Gene and genome duplication events are important drivers of molecular novelty and adaptation. However these duplications can also be very traumatic on a molecular and cellular level, incurring significant fitness costs. I am interested in exploring how these initial disadvantages to duplication are overcome, as well as how duplication events contribute to animal evolution as a whole.
High-throughput sequencing is quickly becoming cheaper and easier to use than ever before. In spite of this, most research efforts are concentrated to just a small number of model organisms. I am interested in computational methods which seek to understand non-model genomes, as well as assess how overreliance on models may be biasing current methods. Interests include: gene annotation, homology inference, tree-building, and comparative phylogenetic methods.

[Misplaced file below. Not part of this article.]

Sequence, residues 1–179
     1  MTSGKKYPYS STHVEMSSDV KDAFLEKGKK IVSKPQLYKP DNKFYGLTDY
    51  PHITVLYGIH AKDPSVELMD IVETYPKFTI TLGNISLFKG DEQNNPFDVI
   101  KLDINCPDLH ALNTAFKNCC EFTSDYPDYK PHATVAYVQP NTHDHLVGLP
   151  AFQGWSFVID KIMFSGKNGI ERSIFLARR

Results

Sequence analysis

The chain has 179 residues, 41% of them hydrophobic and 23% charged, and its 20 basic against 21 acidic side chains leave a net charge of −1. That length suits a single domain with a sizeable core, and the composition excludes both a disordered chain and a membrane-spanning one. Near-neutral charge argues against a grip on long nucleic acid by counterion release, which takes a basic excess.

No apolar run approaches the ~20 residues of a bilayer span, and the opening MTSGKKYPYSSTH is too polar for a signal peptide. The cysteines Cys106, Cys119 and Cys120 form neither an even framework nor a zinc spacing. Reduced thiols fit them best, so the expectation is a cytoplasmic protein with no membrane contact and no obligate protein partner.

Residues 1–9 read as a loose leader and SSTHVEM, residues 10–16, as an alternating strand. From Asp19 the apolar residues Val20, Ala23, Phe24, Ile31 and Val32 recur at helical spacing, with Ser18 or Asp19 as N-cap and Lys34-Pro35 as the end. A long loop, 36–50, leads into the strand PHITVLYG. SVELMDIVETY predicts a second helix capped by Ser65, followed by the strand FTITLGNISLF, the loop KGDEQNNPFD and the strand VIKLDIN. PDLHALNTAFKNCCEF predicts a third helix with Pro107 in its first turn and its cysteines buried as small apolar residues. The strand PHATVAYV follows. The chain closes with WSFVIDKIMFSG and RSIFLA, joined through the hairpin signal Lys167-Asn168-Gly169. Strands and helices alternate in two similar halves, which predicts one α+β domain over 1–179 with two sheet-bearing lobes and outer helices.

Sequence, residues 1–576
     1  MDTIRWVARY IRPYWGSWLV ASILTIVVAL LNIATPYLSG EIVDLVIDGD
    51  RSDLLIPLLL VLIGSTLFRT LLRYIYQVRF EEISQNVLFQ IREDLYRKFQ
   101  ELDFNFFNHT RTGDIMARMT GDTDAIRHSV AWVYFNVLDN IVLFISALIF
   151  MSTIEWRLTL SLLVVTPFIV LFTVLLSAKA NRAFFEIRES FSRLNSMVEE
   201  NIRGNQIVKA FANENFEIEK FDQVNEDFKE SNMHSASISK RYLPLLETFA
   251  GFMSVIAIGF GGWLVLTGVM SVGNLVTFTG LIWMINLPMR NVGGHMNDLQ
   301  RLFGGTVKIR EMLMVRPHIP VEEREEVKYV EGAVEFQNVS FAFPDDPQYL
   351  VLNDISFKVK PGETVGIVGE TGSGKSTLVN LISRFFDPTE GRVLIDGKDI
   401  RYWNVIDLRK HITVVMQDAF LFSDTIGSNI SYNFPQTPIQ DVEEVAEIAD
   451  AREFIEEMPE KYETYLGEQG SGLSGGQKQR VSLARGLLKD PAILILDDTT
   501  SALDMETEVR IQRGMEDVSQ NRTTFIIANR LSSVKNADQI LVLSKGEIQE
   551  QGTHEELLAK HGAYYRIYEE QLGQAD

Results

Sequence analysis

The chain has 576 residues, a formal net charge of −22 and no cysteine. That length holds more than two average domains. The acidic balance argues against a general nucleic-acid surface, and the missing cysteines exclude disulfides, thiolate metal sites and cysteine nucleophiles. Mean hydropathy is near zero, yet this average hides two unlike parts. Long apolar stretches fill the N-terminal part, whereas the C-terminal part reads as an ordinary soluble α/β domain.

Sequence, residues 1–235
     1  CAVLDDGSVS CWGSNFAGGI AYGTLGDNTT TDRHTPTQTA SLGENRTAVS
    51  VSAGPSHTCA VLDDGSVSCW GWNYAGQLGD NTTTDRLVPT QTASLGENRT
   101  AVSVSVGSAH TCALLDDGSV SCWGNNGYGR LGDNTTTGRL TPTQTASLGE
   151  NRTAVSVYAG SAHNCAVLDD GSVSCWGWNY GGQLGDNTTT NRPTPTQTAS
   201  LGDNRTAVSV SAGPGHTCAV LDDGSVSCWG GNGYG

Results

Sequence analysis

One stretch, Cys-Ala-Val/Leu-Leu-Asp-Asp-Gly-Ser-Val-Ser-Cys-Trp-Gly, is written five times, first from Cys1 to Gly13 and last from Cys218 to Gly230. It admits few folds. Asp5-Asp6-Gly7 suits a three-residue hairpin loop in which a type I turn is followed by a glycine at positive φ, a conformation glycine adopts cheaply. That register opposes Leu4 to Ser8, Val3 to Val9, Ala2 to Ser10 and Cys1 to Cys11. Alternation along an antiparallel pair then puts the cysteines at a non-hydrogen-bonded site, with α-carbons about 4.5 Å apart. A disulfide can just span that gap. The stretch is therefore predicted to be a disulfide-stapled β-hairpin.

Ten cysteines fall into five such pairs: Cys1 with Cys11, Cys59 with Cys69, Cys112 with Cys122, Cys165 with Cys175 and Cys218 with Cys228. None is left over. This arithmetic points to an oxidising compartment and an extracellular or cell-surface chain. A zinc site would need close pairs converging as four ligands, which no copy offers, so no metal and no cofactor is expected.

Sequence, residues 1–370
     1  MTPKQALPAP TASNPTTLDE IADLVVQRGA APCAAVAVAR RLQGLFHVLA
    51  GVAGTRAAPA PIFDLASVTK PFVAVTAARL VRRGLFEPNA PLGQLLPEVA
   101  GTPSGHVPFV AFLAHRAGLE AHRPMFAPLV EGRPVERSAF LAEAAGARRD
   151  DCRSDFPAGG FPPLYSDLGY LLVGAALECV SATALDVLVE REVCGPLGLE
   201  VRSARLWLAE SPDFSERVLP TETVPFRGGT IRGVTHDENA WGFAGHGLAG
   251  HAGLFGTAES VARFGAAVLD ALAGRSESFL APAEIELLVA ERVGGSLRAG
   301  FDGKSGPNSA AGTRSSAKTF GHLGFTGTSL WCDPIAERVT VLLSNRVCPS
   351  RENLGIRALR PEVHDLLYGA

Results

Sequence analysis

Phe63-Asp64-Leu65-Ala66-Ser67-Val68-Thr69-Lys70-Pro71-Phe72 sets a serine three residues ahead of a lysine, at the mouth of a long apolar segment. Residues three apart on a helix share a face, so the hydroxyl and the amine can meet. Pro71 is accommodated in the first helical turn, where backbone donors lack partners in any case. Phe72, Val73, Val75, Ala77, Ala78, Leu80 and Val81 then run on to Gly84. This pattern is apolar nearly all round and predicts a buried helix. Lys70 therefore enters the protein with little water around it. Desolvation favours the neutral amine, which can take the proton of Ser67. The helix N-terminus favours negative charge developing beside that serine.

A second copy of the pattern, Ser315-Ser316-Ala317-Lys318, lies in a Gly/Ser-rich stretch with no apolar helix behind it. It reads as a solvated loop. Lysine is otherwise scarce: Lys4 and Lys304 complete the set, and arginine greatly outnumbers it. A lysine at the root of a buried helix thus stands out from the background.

“Marine Invertebrate” is a term regularly used to refer to a diverse assemblage of animals with representatives from 32 of the 35 commonly recognized animal phyla. Despite containing most of the morphological and phylogenetic diversity within animals, marine invertebrates represent just a small fraction of molecular studies. I am interested in studying evolutionary patterns along these branches on the tree of life which have historically been overlooked.
*these authors contributed equally to the work